What is a conventional loan? The term conventional loan simply means a loan not back by the government. A conventional conforming loan means a loan backed by Fannie Mae or Freddie Mac.
While conventional home loans differ greatly in their terms and available loan sizes, they share similar guidelines that borrowers must satisfy in order to qualify:
Credit: Generally, borrowers on conventional loans will need to have a credit score of 660 or higher in order to qualify for 95% financing. A small number of lenders will offer loans with as low as a 620 score with larger down payments.
Loan-to-Value Ratio (LTV): Borrowers looking to secure a conforming loan can secure a maximum loan-to-value ratio of 97%, but most conventional loans will require a minimum down payment of 5%.
Debt-to-Income (DTI): Borrowers must have a debt-to-income ratio of 45% or less to acquire a conventional loan.
Documentation: In order to secure a conforming loan, borrowers must present accurate documentation of employment history, income, and assets.
Total Debt: Borrowers with a high amount of debt may have some difficulties qualifying for a conforming loan.
Conforming conventional loans comprise the majority of conventional loans, being more advantageous than non-conforming loans in many ways. In order for a conventional loan to conform to Fannie Mae and Freddie Mac standards, these loans require a credit score of 580 at minimum. However, in order to qualify for 95% financing on a conventional loan, borrowers must have a minimum credit score of 620.
Click here for more information on Conventional Loan Credit Requirements.
Borrowers applying for conventional loans must present documentation to the lender, including address history for the past two years and verification of identity by either a driver’s license or Social Security card.
Additionally, borrowers must provide employment history and salary history, traditionally with pay stubs to prove current and past income. Self-employed, commissioned, or tipped borrowers may need to present additional information, such as the previous two years Federal tax returns or bank statements to prove profits and losses.
The Loan-to-Value ratio (LTV) represents the comparison of the loan amount to the total value of the property. As such, an 80% loan-to-value ratio means that the loan covers 80% of the cost of the property. Traditionally, conventional loans have an LTV of 80% and include a down payment of 20% of the property cost, although borrowers can circumvent this requirement several ways.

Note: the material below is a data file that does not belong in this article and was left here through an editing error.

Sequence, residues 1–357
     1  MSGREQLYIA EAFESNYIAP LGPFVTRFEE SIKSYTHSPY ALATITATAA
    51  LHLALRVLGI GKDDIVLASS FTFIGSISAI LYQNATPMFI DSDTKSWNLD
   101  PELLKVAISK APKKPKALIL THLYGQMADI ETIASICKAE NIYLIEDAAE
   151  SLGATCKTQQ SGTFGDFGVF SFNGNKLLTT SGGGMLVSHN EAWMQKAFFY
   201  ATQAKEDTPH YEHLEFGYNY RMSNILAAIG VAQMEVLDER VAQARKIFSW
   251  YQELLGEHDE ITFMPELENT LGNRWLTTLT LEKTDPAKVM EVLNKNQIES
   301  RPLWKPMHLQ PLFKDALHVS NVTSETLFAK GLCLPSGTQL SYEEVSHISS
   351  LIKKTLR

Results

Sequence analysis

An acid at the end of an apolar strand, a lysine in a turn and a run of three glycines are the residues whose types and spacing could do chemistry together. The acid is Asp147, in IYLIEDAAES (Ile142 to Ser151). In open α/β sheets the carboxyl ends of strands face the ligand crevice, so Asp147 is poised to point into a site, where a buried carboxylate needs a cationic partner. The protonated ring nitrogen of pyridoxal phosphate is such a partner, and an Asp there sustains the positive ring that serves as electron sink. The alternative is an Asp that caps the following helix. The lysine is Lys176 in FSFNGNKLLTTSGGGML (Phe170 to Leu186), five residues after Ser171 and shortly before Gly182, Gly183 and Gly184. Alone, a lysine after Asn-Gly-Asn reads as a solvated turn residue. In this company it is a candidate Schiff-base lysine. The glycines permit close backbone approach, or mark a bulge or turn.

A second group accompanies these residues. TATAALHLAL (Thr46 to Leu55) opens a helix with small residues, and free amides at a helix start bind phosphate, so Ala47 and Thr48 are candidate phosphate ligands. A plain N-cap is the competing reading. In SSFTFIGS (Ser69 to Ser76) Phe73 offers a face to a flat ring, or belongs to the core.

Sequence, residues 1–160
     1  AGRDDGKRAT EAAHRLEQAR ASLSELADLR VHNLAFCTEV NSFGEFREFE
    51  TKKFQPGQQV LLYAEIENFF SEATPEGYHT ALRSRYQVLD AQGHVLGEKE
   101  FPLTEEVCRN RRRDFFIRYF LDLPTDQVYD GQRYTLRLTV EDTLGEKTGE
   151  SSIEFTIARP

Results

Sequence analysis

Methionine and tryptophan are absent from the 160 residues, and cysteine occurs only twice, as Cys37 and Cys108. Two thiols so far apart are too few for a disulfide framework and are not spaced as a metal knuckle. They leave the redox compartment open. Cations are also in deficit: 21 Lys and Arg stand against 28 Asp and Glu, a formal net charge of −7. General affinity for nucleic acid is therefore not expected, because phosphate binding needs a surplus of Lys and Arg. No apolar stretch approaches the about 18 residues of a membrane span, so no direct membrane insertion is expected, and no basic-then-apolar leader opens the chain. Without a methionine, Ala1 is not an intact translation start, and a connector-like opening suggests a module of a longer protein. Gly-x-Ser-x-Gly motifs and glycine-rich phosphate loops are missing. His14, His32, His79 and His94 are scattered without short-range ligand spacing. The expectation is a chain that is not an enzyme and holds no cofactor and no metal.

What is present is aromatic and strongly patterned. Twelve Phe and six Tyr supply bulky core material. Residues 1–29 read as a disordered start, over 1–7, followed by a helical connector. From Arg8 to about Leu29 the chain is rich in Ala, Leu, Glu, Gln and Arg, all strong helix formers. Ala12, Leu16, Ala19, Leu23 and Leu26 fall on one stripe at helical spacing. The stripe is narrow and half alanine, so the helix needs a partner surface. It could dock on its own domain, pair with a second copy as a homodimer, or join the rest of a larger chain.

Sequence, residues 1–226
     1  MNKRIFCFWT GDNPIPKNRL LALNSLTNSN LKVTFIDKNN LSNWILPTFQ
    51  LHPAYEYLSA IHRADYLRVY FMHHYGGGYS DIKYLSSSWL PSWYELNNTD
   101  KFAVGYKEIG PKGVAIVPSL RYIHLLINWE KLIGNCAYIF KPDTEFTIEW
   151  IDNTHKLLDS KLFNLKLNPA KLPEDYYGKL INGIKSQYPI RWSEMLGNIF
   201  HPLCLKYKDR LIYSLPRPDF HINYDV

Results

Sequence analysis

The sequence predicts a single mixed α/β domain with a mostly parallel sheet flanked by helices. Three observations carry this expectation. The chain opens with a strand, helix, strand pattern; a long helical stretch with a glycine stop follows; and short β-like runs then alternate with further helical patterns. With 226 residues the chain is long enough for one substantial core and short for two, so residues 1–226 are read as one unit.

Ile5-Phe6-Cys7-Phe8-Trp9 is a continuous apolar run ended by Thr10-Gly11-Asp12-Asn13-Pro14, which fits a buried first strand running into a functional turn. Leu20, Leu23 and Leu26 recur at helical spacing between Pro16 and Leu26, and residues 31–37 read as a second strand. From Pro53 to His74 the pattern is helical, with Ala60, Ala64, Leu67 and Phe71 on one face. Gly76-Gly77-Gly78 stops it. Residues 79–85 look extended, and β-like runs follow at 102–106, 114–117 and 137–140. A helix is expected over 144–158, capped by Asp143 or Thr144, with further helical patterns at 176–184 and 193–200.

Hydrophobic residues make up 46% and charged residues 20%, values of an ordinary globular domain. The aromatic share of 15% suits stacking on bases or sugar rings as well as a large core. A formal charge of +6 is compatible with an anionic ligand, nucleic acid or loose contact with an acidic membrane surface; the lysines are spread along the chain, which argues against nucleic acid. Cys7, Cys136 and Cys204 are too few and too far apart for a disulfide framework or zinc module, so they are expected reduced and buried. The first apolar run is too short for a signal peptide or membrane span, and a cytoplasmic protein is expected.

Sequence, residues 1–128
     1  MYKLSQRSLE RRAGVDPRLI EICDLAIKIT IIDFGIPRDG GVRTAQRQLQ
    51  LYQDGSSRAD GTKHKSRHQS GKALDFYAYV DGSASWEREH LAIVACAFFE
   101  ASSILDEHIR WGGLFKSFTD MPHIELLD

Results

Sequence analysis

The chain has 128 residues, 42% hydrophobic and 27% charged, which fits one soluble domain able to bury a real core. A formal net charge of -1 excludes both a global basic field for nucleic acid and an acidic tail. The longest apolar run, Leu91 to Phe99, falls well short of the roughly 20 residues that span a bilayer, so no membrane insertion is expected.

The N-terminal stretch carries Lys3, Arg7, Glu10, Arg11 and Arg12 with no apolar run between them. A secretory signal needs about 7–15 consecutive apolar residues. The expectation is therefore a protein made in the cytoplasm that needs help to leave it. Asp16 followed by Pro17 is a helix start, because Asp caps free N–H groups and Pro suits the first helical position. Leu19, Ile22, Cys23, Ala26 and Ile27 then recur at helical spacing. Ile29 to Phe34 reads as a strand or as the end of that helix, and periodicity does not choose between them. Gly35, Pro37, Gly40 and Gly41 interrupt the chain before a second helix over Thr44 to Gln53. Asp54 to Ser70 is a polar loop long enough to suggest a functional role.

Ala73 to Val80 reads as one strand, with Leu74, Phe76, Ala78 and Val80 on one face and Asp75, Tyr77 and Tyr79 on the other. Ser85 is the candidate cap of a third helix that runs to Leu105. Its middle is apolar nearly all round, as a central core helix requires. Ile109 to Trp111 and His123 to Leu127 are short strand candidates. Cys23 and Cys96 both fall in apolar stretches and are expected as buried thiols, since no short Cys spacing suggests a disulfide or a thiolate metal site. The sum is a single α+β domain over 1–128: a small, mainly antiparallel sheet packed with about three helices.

For instance, borrowers with mortgage insurance may qualify for a much lower down payment requirement, although these mortgage premiums will be added to a borrower’s monthly payments until he or she owes less than 80% on the home. Under ideal circumstances, conventional loans can finance up to 95% of a mortgage, meaning that borrowers must put down a minimum of 5% for properties that are single-family residences.
To qualify for a conventional loan, you must have an acceptable debt-to-income ratio (DTI). For instance, your monthly mortgage payments, including taxes, insurance, and other charges, must comprise less than 28% of your gross monthly income. Furthermore, your total debt payments per month, including student loans, car loans, and credit card debt, should not amount to 36% or more than your gross monthly income. With good credit, many lenders will let you have a higher debt-to-income ratio, but it may never exceed 45%.
Conventional loans allow borrowers to apply the funds toward a variety of different property types, including condos, planned unit developments (townhouses), modular homes, manufactured homes, and up to 4 family residences. Additionally, conventional loans may finance primary residences, secondary homes, and investment properties.
While the guidelines for conforming conventional loans are written by Fannie Mae and Freddie Mac, you can not get a loan from either one of those companies. You have to get your loan from an actual lender who may have additional rules, known as overlays, on top of the Fannie Mae and Freddie Mac guidelines. The most common overlay is credit scores. While Fannie Mae and Freddie Mac guidelines indicate they may buy loans from lenders with a credit score as loan as 620, most lenders will still require at least a 660 credit score for a conventional loan.
Choosing the right loan program and lender can take some time to ensure that it’s the best fit for your unique situation. As such, always set aside an appropriate amount of time to compare lenders and rates; even fractional differences between interest rates could save or cost you hundreds if not thousands of dollars over the life of the loan. Remember, patience and persistence can make all the difference.
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